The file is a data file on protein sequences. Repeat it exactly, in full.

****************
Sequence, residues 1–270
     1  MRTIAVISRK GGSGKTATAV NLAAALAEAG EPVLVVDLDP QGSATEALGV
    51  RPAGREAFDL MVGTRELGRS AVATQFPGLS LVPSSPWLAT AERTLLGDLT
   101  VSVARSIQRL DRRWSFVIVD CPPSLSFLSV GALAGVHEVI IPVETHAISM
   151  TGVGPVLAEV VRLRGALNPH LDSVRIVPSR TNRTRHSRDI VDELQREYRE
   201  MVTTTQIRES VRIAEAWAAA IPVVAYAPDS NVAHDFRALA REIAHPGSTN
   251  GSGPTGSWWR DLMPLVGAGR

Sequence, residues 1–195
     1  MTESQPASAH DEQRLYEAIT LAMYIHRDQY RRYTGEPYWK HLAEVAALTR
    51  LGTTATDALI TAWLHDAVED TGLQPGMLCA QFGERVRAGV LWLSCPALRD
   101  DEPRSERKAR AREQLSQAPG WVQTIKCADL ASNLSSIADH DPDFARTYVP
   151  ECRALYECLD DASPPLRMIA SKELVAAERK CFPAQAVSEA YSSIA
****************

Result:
Sequence, residues 1–270
     1  MRTIAVISRK GGSGKTATAV NLAAALAEAG EPVLVVDLDP QGSATEALGV
    51  RPAGREAFDL MVGTRELGRS AVATQFPGLS LVPSSPWLAT AERTLLGDLT
   101  VSVARSIQRL DRRWSFVIVD CPPSLSFLSV GALAGVHEVI IPVETHAISM
   151  TGVGPVLAEV VRLRGALNPH LDSVRIVPSR TNRTRHSRDI VDELQREYRE
   201  MVTTTQIRES VRIAEAWAAA IPVVAYAPDS NVAHDFRALA REIAHPGSTN
   251  GSGPTGSWWR DLMPLVGAGR

Sequence, residues 1–195
     1  MTESQPASAH DEQRLYEAIT LAMYIHRDQY RRYTGEPYWK HLAEVAALTR
    51  LGTTATDALI TAWLHDAVED TGLQPGMLCA QFGERVRAGV LWLSCPALRD
   101  DEPRSERKAR AREQLSQAPG WVQTIKCADL ASNLSSIADH DPDFARTYVP
   151  ECRALYECLD DASPPLRMIA SKELVAAERK CFPAQAVSEA YSSIA